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May 6, 2011 02:08 PM

What natural/wild foods have you discovered in Florida?

in the Tampa bay region there are have many opportunities for locally raised, grass fed beef, start with "My Mother's Garden", an organic grower who has contacts with beef ranchers in the area. She is at the Sarasota Farmers' Market, Saturdays. Also The King Family Farm in Bradenton can suggest many resources for pastured poultry, eggs, pork and beef. they are open, at the farm from Tues. to Sat. 9:00 am to 5:00 pm.
Also if you are pressed for time and cannot catch your own seafood; A.P. Bell, Cortez will sell individual whole Grouper, (Reds, Gags, Blacks and occasionally Yellow Edge), at $4.00-$6.50/lb, "on the bone", One can call and find out what boats are unloading that day, some are day boats, and others are longliners.

I am working on meeting a young couple that makes cheese from their organic dairy herd, will let Florida CH know once I have more info. on this. I have purchased pastured chickens, dressed large fryers, in a town called Gulf City, it is just a crossroad near Ruskin, from a farmer who specializes in naturally raised Heritage Turkeys," Bouirbon Reds", for Thanksgiving;Pate's Farm, Gulf City.
Overall, getting back to alternatives to Tilapia and other "Factory farmed" fish and/or animals if you look and ask there are more and more ways to get really good tasting, Organic and/or naturally raised food with the added benefit of seeing and knowing what you are eating, is raised/grown.Any others care to "share" their finds????

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  1. thanks for that list, Osprey -- I've saved this thread so that if and when I ever return to the Bay area (even if just for a few weeks to see my folks) -- I've got it at my fingertips.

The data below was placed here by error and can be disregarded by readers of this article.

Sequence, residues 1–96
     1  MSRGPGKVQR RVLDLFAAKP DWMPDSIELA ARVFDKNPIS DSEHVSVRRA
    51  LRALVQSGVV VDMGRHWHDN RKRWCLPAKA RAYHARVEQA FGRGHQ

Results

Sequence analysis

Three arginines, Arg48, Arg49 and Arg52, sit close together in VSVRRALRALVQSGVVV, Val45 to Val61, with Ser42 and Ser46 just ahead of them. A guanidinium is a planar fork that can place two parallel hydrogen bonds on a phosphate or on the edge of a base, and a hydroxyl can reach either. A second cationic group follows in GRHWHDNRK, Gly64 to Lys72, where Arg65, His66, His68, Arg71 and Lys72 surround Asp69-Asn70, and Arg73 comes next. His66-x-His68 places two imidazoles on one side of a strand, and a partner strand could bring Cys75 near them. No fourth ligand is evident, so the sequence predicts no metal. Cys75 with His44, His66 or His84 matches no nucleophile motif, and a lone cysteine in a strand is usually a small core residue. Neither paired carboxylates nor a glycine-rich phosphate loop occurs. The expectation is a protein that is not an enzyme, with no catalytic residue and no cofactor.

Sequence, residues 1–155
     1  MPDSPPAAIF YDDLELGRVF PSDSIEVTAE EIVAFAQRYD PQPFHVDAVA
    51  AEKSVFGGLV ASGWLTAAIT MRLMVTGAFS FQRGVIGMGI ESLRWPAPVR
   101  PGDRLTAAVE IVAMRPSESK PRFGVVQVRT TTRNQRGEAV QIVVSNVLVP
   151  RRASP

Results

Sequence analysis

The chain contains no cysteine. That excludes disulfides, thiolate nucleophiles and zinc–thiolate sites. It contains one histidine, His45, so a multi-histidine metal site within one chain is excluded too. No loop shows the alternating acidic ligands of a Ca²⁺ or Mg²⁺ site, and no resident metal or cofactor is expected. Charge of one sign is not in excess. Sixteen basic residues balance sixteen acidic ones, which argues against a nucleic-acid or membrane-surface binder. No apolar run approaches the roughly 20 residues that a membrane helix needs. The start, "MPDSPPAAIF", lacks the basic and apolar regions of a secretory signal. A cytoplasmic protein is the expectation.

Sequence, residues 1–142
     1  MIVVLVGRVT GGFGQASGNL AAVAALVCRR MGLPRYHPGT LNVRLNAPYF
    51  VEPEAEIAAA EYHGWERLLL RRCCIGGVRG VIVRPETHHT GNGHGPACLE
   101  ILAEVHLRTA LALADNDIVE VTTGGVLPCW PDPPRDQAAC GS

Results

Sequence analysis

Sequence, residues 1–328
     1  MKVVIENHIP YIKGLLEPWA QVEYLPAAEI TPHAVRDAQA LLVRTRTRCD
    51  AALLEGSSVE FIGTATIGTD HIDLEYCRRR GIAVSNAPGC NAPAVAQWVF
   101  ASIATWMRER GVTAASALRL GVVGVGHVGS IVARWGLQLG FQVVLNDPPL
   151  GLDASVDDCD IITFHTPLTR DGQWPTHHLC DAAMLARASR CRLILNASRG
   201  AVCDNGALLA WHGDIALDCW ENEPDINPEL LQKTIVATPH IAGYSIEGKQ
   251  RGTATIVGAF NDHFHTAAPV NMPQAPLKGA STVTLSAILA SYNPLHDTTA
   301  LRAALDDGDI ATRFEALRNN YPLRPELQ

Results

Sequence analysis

Does My Mother's Garden still have their buying co-op going? I remember when they first started their business, and I bought a lot of herbs from them.

    You have to have it shipped, but Sweet Grass Dairy up by Thomasville makes some of the best cheeses I've had in the US.

    Hydro Harvest Farms (on Shell Point Rd and 12th St NE in Ruskin) grows some killer-gorgeous nearly-organic veggies (they grow everything in vermiculite, but they won't certify vermiculite as organic) and I just saw that they're now carrying free-range eggs, and I'm pretty sure I remember seeing local honey on the shelf, too.

    1 Reply
    1. re: sunshine842

      Sunshine842....Thanks for the info. I did not know about Hydro Harvest. Going to King Farm today for the local peaches, Blueberries and Heirloom tomatos, all in "full harvest mode"!!